A sharing economy is where a community that is not based on monetary interactions.  I help you jump your car, you later help me catch my dog, etc. If you did try to use money as part of it, it would seem not only odd but rude as well.  It is more personal and more often associated with close community ties.   A commerical economy, on the other hand, is an economy based on money.  I give you money, you in turn give me an item equal to its worth.  In sociological terms, it creates weak ties between groups and is very distant in terms of personal relationships between people.

Lessig sees a sharing economy being born out of ‘copyleft’ or creative common works, where everyone can contribute to the work, which in turn makes it better.  It produces a thriving economy, even though there is no money being made off of the shared items.  He argues that it offers so much more creativity than a commercial economy. Just as he pushes for both RW and RO culture, he says that the sharing and commerical economy has their own place.  He continues to list off companies that incoroporate the hybrid mix that allows for their enormous growth and that they have gained more than they lost by making some things free and open to change.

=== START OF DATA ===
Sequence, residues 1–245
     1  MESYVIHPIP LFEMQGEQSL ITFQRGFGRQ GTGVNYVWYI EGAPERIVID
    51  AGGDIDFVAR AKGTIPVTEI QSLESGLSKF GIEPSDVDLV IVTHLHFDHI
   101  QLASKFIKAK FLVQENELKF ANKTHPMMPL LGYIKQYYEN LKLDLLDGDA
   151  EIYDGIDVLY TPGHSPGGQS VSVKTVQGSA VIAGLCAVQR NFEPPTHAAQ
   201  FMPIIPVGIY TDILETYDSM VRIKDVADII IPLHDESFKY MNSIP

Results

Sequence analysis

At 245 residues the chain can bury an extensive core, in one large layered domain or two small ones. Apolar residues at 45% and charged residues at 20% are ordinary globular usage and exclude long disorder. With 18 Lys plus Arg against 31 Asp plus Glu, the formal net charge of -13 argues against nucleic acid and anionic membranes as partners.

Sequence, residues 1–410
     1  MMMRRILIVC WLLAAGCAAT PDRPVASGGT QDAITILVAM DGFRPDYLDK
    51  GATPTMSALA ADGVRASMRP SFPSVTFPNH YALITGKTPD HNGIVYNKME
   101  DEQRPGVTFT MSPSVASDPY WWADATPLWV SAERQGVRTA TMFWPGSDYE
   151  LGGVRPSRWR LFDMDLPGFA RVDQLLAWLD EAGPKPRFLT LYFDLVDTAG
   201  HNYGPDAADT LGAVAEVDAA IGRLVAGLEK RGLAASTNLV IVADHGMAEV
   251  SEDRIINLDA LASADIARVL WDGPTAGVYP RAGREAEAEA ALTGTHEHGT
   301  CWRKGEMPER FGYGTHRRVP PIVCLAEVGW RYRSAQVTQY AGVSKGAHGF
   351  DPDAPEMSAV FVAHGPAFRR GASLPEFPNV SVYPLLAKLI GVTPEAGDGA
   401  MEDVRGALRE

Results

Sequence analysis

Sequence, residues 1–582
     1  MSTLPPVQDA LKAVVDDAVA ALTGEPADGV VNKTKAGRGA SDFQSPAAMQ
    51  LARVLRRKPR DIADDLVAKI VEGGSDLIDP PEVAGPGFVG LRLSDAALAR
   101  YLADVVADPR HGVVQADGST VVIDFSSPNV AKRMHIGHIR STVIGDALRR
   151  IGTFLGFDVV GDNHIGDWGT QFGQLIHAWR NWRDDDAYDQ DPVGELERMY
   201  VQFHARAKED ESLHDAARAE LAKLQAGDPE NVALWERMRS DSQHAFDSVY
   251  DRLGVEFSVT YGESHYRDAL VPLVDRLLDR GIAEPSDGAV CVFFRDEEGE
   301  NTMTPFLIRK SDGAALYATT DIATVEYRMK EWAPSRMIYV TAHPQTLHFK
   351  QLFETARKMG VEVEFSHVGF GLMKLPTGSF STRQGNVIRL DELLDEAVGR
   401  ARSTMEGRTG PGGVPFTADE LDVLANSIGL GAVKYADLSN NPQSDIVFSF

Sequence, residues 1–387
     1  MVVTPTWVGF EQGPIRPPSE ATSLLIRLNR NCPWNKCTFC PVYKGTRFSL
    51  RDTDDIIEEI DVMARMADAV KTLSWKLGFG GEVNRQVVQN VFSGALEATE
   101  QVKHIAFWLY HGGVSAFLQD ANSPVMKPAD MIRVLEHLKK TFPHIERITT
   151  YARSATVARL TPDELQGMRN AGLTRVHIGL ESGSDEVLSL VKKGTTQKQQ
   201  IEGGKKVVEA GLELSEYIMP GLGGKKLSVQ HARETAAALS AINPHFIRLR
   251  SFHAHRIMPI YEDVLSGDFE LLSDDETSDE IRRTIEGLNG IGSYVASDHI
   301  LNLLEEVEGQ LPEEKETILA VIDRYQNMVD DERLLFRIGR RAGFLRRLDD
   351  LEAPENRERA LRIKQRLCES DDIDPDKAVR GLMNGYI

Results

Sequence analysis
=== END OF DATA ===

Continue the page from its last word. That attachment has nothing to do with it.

Blog 10- The Remix minus Two

•March 28, 2011 • 2 Comments

Ok, I am going to be a huge nerd of sorts, but the first thing that came to mind of a video remix is the Yu-Gi-Oh Abridged series.  I have never seen the original series but found the Abridged series hiliarious.  I particularly liked it because it summed up most the series without me having to watch any of the original.  The scenes are from short clips  from the original but the sound track has been redone and each ‘episode’ is about 7 minutes long versus the 45 of the original.